Andersson, Paige, PhD
Post-Doctoral Scholar and Assistant Professor of Hispanic Studies
In May 2019, I earned my Ph.D. from the University of Michigan's Romance Languages and Literatures Department. My current project studies the mutual construction of race and land in Mexico from the colonial era to the present, particularly through the recurrent memory and practice of colonial congregación. It argues that as a racial project, it was tied to the capitalist environment-making of the New World and has continued as a dominant paradigm for elites seeking to develop peoples and their lands in the 19th, 20th, and 21st centuries. Concepts such as racial capitalism, world ecology, political ecology, and social reproduction are central to my research.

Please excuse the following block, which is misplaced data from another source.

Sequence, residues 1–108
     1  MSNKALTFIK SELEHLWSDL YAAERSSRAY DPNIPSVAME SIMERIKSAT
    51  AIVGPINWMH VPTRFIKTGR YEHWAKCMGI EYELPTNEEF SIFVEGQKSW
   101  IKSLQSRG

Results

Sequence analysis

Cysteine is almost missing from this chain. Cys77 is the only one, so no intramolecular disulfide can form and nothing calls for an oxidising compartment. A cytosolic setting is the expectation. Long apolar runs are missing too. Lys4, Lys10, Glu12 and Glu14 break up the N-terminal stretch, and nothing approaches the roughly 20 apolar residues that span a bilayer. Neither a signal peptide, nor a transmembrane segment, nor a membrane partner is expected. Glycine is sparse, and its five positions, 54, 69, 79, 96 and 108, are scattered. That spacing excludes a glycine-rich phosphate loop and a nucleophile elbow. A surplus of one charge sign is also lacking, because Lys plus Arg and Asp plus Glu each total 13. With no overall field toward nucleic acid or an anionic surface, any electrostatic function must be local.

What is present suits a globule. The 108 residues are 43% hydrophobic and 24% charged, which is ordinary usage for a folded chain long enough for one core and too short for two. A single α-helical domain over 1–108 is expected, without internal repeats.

My teaching interests reflect my research interests in critical race theory and Mexico, but extend to incorporate substantive culture and politics into the earliest stages of language learning. This means that I seek to include indigenous and migrant perspectives from Mexico's Northern and Southern borders in my teaching as well.
Paige Rafoth Andersson (2019). Grounding Progress and Mexican Potential: Nineteenth-Century Representations of Congregación and National Unity, Journal of Latin American Cultural Studies, 28:2; 235-251.